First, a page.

The term “Scarlet Woman” has taken on a new meaning, thanks to the American Heart Association (AHA) and its Go Red for Woman campaign, created to raise awareness of heart disease as a killer of women age 25-54.
Businesses and nonprofits should approach this recession as a turning point for their operations. But there are certain opportunities only nonprofits should consider, according to Dennis R. Young, author and expert in nonprofit management and finances.
Oak Hill, also known as the Connecticut Institute for the Blind, serves children and adults with various disabilities at more than 50 program sites across the state. The 115-year-old organization decided to undergo a three-year, result-centric marketing campaign to strengthen the organization’s brand after surveys concluded some people had the wrong perception about Oak Hill’s work, according to Trish Hesslein, director of community relations.
The old saying goes, you need to crawl before you can walk. And now you have to walk through many best practices steps before you can make a mad dash toward your capital campaign goal on top of the thermometer.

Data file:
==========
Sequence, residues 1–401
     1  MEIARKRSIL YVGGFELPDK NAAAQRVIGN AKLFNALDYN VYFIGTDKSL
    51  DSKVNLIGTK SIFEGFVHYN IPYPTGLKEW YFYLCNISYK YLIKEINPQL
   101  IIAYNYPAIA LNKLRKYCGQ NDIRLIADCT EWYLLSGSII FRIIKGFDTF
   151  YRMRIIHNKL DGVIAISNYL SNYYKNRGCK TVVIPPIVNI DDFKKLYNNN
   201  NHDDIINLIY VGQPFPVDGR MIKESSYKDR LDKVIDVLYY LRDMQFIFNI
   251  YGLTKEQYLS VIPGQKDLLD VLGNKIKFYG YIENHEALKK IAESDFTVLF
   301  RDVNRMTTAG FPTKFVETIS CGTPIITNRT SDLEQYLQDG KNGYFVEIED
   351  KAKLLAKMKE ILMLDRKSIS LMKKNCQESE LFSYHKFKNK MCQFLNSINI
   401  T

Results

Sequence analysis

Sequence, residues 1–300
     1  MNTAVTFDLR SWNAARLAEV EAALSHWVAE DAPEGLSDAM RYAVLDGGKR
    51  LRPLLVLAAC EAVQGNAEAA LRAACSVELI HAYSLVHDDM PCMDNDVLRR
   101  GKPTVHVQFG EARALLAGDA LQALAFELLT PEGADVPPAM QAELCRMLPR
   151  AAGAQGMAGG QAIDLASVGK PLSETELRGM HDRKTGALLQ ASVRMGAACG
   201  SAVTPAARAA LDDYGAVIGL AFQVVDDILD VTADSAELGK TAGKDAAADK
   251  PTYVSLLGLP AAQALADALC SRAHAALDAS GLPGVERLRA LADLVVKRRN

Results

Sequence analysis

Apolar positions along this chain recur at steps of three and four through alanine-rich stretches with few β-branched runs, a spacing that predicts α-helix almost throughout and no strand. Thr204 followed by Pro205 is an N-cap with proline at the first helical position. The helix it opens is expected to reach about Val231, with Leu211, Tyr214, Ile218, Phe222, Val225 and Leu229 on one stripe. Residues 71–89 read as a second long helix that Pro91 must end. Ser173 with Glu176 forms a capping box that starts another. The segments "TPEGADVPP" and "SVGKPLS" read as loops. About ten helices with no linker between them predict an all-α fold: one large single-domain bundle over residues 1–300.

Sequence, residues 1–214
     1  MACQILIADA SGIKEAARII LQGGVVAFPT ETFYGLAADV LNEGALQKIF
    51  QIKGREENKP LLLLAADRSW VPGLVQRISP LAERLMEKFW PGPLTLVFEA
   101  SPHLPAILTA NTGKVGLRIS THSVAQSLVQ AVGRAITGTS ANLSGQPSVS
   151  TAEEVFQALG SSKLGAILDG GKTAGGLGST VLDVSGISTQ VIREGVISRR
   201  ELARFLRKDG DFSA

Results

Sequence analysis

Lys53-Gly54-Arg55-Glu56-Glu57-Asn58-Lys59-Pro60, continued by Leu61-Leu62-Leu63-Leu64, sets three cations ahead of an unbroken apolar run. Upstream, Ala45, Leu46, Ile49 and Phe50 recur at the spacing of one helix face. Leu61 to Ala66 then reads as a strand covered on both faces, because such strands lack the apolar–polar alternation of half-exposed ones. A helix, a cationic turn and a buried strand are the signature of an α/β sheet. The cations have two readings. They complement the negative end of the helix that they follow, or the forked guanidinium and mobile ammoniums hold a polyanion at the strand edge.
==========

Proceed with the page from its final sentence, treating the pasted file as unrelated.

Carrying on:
It’s important that donors understand you when you go into a major ask. But it’s equally important for you to comprehend your donor, according to Barbara Ciconte, senior vice president of consulting services at Donor Strategies, Inc., in Chevy Chase, Md., and Jeanne Jacob, executive director of Goodwin House Foundation in Alexandria, Va., at the recent Bridge to Integrated Marketing & Fundraising Conference, in National Harbor, Md.
Your mid-level donors are usually the ones you can count on when your special appeals and projects. But are you giving them the special treatment they deserve?
Planned giving is an investment in your organization’s future, according to Phyllis Freedman, managing director at Continuum Planned Giving in Fairfax, Va. But which donors should you invest with, and who will most likely want to invest in your organization?
Despite signs of trouble, many nonprofits (and a whole lot of for-profits) were hit right smack in the face when the economy went south. This inability or unwillingness to foresee problems runs parallel to the inability to understand what happened and, more important, what is happening.
The pressure a nonprofit manager experiences when things go wrong can be crushing, especially if it occurs on a slow news day or when a politician is worried about being re-elected.
Fundraisers have to get and hold the attention of potential donors, and that is easier said than done.